I would not suggest growing Sarracenia leucophylla outside for example as it does not function as well in the cold as the hardier species. Similarly, I would not recommend large binata varieties, I used a small clump of Drosera binata var. dichotoma a few years back and it quickly took over by propagating itself from the roots, in my attempt to remove all traced of it, digging out half the bog, it has since come back.





I have found that sub-tropical Drosera which have self-seeded in the media of plants I have placed outside, such as Drosera capensis, Drosera spatulata and Drosera aliciae grow really well outside too and during winter will die down to nothing and then come back in Spring from the roots. So, you can also trial sub-tropical species in your own planters, but they do become weeds reasonably quickly too.


Maintenance and care (Tips and tricks):


Having an outdoor planter does not require any other additional care compared to growing other carnivorous plants. Make sure to keep it moist and don’t let it dry out, if your container does not have drainage then ensure the plants are not submerged under water for long periods of time if you get a lot of rain. A drainage hole half-way up can help

During the summer the surface of your planters may dry out quickly due to intense and direct sun, so it is important that if you have shallow rooted plants such as temperate Pinguicula and small temperate Drosera that your planter is well watered. Due to the exceptionally hot summer this year, reaching record temperatures, I decided to place a layer of Milled Pine Bark over the surface to aid with the water retention in summer. If you do place a surface layer of bark/gravel, then make sure it is carnivorous plant safe and will not leach minerals into the media.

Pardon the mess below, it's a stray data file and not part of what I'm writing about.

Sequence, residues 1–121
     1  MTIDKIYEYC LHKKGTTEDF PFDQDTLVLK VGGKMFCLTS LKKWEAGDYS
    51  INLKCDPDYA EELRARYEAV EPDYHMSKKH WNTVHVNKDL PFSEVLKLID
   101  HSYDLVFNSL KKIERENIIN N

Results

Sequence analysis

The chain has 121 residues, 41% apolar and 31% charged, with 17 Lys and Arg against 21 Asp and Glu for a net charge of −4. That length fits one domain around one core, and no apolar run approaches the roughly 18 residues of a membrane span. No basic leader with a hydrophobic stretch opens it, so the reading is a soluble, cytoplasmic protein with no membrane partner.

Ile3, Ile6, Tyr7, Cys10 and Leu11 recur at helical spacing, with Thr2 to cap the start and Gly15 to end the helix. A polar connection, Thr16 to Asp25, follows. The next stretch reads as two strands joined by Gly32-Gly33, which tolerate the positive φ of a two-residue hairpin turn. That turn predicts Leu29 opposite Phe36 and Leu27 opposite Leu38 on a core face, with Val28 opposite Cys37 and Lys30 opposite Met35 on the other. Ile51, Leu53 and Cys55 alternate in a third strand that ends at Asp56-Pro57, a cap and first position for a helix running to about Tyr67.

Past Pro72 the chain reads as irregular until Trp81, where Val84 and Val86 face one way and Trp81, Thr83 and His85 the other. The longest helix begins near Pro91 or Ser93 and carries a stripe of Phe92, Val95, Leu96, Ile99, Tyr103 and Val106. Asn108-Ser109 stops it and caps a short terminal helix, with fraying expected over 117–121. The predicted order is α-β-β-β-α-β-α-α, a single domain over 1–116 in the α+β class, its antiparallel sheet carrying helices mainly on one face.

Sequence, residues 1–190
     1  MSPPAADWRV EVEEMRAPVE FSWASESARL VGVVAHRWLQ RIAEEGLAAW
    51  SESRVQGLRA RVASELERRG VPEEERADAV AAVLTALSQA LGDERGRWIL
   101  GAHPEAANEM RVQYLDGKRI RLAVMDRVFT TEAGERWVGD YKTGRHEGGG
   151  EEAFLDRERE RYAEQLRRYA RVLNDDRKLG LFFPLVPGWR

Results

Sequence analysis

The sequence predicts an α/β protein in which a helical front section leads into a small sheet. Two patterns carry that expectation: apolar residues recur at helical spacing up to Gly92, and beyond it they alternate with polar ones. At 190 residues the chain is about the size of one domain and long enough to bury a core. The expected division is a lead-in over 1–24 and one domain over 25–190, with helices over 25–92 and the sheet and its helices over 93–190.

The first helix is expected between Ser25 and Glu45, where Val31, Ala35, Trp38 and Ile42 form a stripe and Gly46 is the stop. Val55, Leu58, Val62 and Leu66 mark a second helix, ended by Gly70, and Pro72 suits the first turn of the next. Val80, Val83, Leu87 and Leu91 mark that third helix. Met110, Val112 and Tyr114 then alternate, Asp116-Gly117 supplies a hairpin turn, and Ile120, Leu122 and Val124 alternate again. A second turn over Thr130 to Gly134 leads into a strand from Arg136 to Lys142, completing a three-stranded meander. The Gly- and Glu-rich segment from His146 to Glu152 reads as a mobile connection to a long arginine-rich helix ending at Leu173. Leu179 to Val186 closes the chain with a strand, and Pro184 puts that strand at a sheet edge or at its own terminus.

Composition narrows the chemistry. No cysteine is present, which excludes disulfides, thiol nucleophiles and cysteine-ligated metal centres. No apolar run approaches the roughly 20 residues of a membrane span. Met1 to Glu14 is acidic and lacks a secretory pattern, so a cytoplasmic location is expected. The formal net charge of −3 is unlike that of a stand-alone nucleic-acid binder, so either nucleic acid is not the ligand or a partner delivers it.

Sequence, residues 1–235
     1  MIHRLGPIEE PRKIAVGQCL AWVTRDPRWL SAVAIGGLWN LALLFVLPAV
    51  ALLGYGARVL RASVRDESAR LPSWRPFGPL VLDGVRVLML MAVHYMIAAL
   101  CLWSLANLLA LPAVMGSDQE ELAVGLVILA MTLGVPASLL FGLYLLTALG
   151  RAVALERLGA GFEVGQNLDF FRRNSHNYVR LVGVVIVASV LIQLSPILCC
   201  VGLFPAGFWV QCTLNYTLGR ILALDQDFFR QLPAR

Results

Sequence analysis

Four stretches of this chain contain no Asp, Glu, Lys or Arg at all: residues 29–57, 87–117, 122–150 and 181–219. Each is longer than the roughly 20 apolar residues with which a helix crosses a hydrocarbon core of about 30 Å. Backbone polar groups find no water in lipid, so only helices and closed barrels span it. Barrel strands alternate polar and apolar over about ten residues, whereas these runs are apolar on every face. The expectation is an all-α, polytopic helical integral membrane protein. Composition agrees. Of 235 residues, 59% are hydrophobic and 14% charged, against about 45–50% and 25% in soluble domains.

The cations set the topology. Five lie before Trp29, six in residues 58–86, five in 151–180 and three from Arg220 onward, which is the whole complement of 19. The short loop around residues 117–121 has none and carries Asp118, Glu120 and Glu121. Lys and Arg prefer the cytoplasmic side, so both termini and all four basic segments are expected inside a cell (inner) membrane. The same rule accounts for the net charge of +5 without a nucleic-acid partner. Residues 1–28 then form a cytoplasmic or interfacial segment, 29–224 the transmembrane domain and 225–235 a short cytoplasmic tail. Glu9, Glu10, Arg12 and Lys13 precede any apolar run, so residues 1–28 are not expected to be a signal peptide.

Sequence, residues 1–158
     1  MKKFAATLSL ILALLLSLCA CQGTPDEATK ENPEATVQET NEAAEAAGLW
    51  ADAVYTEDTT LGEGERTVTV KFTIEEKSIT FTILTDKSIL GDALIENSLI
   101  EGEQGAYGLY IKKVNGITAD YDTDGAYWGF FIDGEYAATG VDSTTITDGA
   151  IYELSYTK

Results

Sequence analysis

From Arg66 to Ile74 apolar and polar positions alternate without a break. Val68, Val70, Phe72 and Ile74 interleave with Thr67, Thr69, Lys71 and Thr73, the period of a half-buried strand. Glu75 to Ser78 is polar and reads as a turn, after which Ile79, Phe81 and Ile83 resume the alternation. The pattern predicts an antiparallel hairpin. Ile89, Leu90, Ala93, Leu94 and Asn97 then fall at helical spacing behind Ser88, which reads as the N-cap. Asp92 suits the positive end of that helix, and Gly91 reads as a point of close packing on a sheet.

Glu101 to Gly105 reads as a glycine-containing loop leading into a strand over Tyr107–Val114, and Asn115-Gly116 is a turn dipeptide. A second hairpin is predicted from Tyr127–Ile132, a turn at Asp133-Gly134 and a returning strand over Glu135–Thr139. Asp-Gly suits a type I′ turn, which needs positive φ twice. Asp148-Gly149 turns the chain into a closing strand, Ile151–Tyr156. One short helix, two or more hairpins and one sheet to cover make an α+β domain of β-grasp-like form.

Sarracenia tied in place

During the growing season you may experience strong winds, dependent on where you live. Strong winds often damage Sarracenia pitchers and flowers, knocking them over or ripping them off. Therefore, I like to use some short bamboo canes around my plants and use twine to support them. I have also seen people use plastic plant supports and other items to hold plants up, so whatever works for you.

One problem with outside planter can be wild animals, I have had a problem with birds pulling out plants and also squirrels which can be a nuisance. I tried placing sticks in the soil and smashed dvds to scare them away at first but then eventually resorted to covering with chicken wire, this method worked well and after a while when the plants were established, I was able to take it away and there was a lot less disturbance.

As the summer draws to a close, the plants will begin to die back for winter. Simply cut back any dead traps/pitchers from your plants during this time. Some of your temperate plants may form hibernacula in which they will remain in this dormant state until Spring, during this time you can change around your planters or add/remove plants.

Drosera anglica, Pinguicula grandiflora and Drosera filiformis dying down for winter and their hibernacula


During winter you will unlikely need to water your planter any more due to rain and snow fall. If it rains a lot where you are then it would help place a drainage hole halfway or 3/4 of the way up to avoid top flooding. Do not worry about snow cover or frost as this will not affect your hardy plants.

Some pictures of my planters in winter with frost and snow


In the coming winter I plan to add Darlingtonia and my newly acquired Pogonia to my experimental bog and create a more permanent display that will fill out as nicely as my first one.

Want to see more of my bog barrels?
Have a look on my YouTube for various Bog Barrel videos over the last couple of years here: